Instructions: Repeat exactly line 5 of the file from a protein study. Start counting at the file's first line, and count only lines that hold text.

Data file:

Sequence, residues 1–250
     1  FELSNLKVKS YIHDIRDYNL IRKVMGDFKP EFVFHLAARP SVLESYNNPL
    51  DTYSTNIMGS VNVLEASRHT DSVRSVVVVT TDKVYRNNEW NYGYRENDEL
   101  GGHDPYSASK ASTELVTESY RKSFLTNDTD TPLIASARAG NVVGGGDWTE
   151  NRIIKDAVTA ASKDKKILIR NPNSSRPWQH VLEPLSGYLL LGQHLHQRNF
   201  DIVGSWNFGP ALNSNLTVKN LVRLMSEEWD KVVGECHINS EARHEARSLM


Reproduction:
   151  NRIIKDAVTA ASKDKKILIR NPNSSRPWQH VLEPLSGYLL LGQHLHQRNF